Wet Stacking Solutions using Resistive Load Banks

242/44 Moo 3
106/39 Moo 5
T. Phala A. Ban Chang
T.Plutaluang A.Sattahip
Rayong 21130
Chonburi 20180
PH: +66 (0)84 325 8889 (English) +66 (0)86 1130027 (Thai) FAX: +66 (0)38 602244
EMAIL: [email protected]
The use of Auto or Manual Load Banks for Prevention of
Light load running and Wet-Stacking in Diesel Generator Sets
Wet-Stacking is a common problem with diesel engines which are operated for extended periods under
light or no-load conditions. When diesel engines operate without sufficient load they normally do not run
at the manufacturers designed optimum temperature. Diesel engines use a compression ignition system
and in order to operate at peak efficiency they must be able to provide fuel and air in the proper ratio and
at a high enough engine temperature to completely burn all of the fuel. Failing to operate at this
temperature will allow unburned fuel to accumulate in the engine, which can foul the fuel injectors,
engine valves and exhaust system, including turbochargers, and reduce the operating performance.
Wet-stacking can reduce the system performance and increase maintenance if not addressed at an early
The proper load can be achieved by adding additional building load or by providing supplemental load
through the use of a resistive load bank. Providing additional load from the building load may not be
practical particularly in situations where the generating set is supplying critical communication or life
support loads. Any interruption of power to these loads may cause a serious commercial loss or in
extreme situations even jeopardize life or personal safety.
The effects of wet-stacking can be alleviated if additional load is applied to allow the engine to achieve
the correct operating temperature. By applying an increasing load over a period of time until the excess
fuel is burned off and the generating set maximum load rating is reached usually can repair the
condition. This procedure can take several hours to burn off the accumulated unburned fuel and for
permanently installed generating sets create localised air pollution that may breach local environmental
Resistive load banks, either portable or permanently installed can provide an ongoing solution for wet
stacking issues.
 Portable load banks can be used at site on a regular basis to prevent wet-stacking problems
however they do require a large supply of fresh air for cooling and must be ventilated to remove
the exhaust heat from the load bank area. These are practical for infrequent testing but do
require additional labour for transportation, set up and connection of the load bank to the
generator under test.
 A purpose designed resistive load bank can be permanently installed either indoors with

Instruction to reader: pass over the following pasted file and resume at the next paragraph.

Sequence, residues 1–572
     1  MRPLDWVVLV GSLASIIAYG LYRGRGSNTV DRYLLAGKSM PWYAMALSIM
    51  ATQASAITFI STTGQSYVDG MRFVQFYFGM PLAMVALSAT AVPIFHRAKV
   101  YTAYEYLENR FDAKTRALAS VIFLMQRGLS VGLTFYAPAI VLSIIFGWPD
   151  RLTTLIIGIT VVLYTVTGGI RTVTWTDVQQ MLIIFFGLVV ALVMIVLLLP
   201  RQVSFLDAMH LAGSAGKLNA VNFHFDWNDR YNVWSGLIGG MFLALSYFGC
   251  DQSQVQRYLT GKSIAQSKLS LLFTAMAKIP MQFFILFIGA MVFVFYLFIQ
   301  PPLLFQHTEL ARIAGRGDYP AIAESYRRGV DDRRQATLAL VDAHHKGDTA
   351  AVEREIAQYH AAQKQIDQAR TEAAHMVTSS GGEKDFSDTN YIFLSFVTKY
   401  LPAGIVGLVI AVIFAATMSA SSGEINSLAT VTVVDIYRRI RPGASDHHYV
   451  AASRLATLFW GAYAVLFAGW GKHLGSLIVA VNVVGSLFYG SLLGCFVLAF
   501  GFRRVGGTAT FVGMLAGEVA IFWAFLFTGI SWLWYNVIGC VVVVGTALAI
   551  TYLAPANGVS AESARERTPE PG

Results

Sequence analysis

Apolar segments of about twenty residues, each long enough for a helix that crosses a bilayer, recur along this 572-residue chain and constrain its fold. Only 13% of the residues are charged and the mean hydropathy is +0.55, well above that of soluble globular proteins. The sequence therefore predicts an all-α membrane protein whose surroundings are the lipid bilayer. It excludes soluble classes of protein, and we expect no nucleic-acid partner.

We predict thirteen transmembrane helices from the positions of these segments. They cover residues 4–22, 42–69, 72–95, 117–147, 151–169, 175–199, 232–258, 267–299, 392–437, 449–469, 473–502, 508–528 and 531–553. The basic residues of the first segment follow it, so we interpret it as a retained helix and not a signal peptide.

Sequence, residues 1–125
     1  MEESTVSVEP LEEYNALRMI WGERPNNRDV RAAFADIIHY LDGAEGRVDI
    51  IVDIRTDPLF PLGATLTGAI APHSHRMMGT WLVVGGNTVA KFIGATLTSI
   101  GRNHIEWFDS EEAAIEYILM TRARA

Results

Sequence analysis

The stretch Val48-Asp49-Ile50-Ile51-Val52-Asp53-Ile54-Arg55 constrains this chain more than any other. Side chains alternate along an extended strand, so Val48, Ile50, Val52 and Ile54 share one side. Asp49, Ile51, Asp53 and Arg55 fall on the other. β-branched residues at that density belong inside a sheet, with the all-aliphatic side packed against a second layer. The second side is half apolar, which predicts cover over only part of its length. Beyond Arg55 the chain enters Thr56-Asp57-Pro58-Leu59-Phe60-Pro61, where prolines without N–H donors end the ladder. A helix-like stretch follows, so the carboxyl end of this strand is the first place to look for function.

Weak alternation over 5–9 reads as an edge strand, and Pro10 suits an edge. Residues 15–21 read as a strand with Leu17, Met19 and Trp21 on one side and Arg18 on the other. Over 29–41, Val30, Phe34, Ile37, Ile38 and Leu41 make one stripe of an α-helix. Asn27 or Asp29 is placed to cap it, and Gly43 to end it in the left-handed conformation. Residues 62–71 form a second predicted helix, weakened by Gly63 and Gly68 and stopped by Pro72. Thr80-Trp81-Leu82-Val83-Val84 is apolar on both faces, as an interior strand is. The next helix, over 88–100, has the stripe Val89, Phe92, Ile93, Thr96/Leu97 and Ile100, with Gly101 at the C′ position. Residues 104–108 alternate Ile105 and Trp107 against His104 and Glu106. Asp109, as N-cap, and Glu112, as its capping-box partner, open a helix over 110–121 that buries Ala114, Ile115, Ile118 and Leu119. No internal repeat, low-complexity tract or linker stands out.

ventilation ducting or externally in a weatherproof housing, to provide a readily available solution
to the wet-stacking problem. Two type of control systems are available for these units.
o A manual operating system so that the building operators can perform regular, periodic
testing under load without disruption to the building power supply. This type normally has
a switched or PLC based control system that will allow application of load in a number of
steps until the required load is running on the generating set. This system provides a
solution to the problem but requires on-site or regularly attending maintenance staff to
carry out this testing with the associated costs and inconvenience.
o The second and by far the best solution is a totally automated PLC control that monitors
generating set load and automatically applies the required resistive load steps to maintain
a pre-set percentage of the generator set full load rating. This type of control system
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eliminates the need for maintenance staff to carry out load testing and also ensures that
the generator set is always running at optimum performance and load levels.
Before installing a permanent load bank or carrying out preventative load banking it is advisable to
consult the manufacturer of the power generation equipment to be tested for their specific requirements
and recommended loading. Also, reviewing the appropriate operator manuals is important to fully
understand the maintenance and testing requirements. In general we would suggest a minimum load
of 30 - 40 percent of the nameplate rating to prevent wet stacking.
The proper installation and use of a load bank can prevent loss of capacity and increased maintenance
caused by wet-stacking. Viking Power Systems can provide resistive load bank solutions with either
manual or auto controls.
Copyright Viking Power Systems Co., Ltd
March 2014
May be reproduced for
non-commercial purposes
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